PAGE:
Inside the Congo Basin, which has 3.7 million square kilometers, stand some of the planet’s largest tropical rainforests and vast wetlands, but also the Cuvette Centrale peatlands, which may be one of Earth’s most carbon rich ecosystems. This area desperately needs to be protected in order to avoid the release of the equivalent to 20 years of carbon emissions from the United States.
Recently discovered and mapped swamps may contain 30 billion tons of carbon, according to the investigations made by a UK-Congolese research team. Their analysis, based on three year’s worth of peat analysis and satellite data, published in Nature on Wednesday, show that the Cuvette Centrale peatlands “hold nearly 30% of the world’s tropical peatland carbon,” as research co-leader Professor Simon Lewis of the University of Leeds said.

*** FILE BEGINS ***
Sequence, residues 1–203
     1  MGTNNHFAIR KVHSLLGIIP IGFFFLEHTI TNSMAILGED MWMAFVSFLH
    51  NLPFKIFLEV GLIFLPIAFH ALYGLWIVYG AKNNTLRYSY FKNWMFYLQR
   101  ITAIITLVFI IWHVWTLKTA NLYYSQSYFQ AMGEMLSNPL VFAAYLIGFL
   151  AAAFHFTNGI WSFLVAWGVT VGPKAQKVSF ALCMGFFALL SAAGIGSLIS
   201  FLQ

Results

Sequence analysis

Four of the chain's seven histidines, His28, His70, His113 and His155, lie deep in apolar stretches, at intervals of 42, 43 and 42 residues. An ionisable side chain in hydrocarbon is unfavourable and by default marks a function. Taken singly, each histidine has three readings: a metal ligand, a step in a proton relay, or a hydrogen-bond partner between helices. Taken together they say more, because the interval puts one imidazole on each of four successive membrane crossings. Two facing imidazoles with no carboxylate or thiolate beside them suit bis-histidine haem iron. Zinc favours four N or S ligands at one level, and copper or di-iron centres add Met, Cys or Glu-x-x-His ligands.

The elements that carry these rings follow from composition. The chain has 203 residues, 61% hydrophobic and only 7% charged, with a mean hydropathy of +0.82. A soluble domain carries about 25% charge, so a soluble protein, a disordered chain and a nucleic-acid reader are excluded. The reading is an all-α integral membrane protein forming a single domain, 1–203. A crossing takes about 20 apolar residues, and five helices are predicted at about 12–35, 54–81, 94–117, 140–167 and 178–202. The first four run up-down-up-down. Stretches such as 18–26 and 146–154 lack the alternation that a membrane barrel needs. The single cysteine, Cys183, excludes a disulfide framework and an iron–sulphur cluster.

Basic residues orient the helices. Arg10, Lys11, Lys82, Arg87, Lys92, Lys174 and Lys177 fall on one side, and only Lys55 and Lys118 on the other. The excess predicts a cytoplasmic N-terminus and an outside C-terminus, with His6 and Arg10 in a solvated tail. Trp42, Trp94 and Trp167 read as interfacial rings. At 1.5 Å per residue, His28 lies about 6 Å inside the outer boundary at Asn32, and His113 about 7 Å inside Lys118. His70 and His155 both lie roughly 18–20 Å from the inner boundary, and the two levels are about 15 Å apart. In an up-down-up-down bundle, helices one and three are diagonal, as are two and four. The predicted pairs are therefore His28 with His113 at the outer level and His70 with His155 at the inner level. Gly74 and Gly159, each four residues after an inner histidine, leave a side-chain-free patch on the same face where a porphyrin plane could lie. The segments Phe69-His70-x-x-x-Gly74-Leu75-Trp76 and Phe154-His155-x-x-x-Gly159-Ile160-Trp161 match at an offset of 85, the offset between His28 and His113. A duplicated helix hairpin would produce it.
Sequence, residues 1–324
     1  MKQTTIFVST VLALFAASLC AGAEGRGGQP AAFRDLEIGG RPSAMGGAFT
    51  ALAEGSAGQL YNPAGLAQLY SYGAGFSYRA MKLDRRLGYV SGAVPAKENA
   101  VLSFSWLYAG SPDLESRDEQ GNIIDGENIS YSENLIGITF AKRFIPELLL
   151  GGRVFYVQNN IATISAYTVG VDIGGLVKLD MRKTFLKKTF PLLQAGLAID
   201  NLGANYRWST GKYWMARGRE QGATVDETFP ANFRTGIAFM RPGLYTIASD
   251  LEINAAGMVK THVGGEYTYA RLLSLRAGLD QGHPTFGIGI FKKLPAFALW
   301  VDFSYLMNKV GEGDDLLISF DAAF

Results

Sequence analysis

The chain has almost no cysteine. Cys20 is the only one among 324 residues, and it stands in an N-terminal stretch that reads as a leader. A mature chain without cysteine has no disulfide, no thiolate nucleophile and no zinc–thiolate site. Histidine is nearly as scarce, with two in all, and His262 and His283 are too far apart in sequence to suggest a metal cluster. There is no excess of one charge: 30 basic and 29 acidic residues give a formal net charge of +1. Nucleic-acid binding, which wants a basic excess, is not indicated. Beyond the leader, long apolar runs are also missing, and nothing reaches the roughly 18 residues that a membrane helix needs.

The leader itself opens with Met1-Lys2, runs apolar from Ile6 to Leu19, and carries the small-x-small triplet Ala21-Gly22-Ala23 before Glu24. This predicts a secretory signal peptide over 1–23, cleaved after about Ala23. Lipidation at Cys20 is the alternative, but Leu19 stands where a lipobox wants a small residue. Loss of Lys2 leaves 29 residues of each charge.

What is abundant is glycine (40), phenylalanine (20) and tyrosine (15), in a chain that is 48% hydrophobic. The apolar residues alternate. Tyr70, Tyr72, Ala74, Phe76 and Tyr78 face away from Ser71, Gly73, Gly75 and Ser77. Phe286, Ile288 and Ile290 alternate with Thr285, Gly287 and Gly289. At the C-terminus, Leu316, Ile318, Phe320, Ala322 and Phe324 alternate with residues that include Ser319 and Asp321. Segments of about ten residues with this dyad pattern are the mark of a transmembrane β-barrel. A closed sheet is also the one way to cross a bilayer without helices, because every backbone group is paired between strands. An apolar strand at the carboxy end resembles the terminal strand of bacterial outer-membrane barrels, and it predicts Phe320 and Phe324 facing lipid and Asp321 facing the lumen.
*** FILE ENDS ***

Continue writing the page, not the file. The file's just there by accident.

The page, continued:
“Our research shows that the peat in the Central Congo basin covers a colossal amount of land. It is 16 times larger than the previous estimate and is the single largest peatland complex found anywhere in the tropics.”
Peat is formed from soaked, partially decomposed plant materials, and is more commonly found in cooler climates, such as Scotland, inhabitat reports. To mentain the carbon stored, peat must not dry out, because if it does, due to climate change or land disturbance, decomposition of the material will release more carbon into the atmosphere.
“The maintenance and protection of this peatland complex, alongside protecting our forests, could be central Africa’s great contribution to the global climate change problem,” said Dr. Ifo Suspense, study co-author and researcher at Université Marien Ngouabi in Brazzaville.
In this context, the Republic of Congo is considering an expansion of its Lac Télé community reserve to protect an additional 50,000 square kilometers of swamp forest, mostly peatlands.